The votes are in and it looks like Russia, and the world, is stuck with at least six more years of Vladimir Putin.With another six-year term more than likely, that would bring Putin’s total time as Russia’s undisputed leader to 24 years, rivalling the reigns of Stalin and Ivan the Terrible.
Winning over 63 per cent of the vote, Putin’s victory was never in doubt, just as it was never in doubt that the whole process would be fixed in his favour. With real opponents barred from taking part for a variety of technicalities, Putin faced four nobodies and won handily. There were also widespread reports of ballot-box stuffing and “carousel voting” — the same people voting multiple times at different polling stations.
“We have won in honest and fair combat,” a tearful Putin told supporters after the vote, despite rather substantial evidence to the contrary.
Putin’s corruption and cruelty over the last 12 years are not that surprising: invest all the powers of the state in one man and he cannot help but be a tyrant. Absolute power, as the saying goes, corrupts absolutely, but it also leads to absurdity.
When Putin first rose from obscurity to lead the Russian state in 2000, much of his appeal was based on a certain tough-guy machismo. Most photo-ops of the time featured the new president in a karate outfit, chopping his way to a brighter future for Russia. Since then, the personality cult around the former KGB colonel has only grown.
For a 2010 trip to the arctic, Putin’s handler’s thought it would be a great idea to have the leader speak next to a polar bear. So they found a polar bear, kept it captive for more than a week, then sedated it just so Putin could put an electronic collar on the animal and give a speech next to its slumbering form.
In announcing his re-election bid, Putin scuba-dived into the Black Sea and came back out with two ancient Greek urns he just so happened to have found on the seafloor. After widespread mockery, the government subsequently admitted the obvious: the entire event had been stage-managed and the urns planted there beforehand.
Putin has even skied down a volcano because, presumably, that’s what tough guys do. And if the real Putin’s feats weren’t impressive enough, supporters have even created a SuperPutin comic series in which the fictional Vladimir fights terrorists and stops various bomb plots.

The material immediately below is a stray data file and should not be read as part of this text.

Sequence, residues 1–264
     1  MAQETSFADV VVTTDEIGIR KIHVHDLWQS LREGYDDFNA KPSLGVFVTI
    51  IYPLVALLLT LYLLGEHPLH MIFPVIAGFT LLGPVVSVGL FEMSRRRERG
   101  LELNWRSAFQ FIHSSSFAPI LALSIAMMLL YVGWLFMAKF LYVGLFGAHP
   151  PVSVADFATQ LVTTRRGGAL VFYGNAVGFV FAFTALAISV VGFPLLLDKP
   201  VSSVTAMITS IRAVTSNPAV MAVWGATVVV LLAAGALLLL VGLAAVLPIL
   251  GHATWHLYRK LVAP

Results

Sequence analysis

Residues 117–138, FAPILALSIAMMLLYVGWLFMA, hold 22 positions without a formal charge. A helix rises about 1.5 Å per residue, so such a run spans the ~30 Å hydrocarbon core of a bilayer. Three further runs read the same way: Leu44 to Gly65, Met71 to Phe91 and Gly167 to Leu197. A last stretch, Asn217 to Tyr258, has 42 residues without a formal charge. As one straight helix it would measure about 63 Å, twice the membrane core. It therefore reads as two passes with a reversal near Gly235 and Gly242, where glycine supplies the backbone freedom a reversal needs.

Such flights of fancy are hardly isolated to the Kremlin. They can be found wherever a leader continues to rule past his expiry date.
Saddam Hussein liked to gold-plate pretty much everything he owned (not unlike Donald Trump) and even had a Qur’an written entirely in his own blood. Libya’s Muammar Gaddafi always travelled with his seven, hand-chosen “virgin bodyguards” and had a mysterious Ukrainian nurse on-hand. The Libyan leader also chose to live in a bedouin tent that he claimed was bulletproof, even trying to set it in front of the United Nations in New York. (He was denied his request.)
Perhaps the zaniest of all world leaders was the recently departed Kim Jong-il, whose birth, according to North Korean propaganda, was greeted by a double rainbow and a new star in the sky. The Dear Leader once tried to solve his country’s hunger problem by importing giant rabbits for food; he ate the first batch of rabbits himself before a full breeding program could get underway, unfortunately. Kim even claimed to have invented a new food, the name of which roughly translated to “double bread with meat” — the strange new delicacy rather suspiciously resembled a standard hamburger.
Obviously, such examples are not that funny to the people who suffer under authoritarian regimes. After all, that a leader can get away with such craziness is a sign of their arbitrary and unfettered power. In Putin’s case, such eccentricities are now increasingly becoming a national joke in Russia, and while he looks set to rule uninterrupted for another six or 12 years, his greatest enemy may well be his own absurdity.
Graphic: Brianna Whitmore/The Sheaf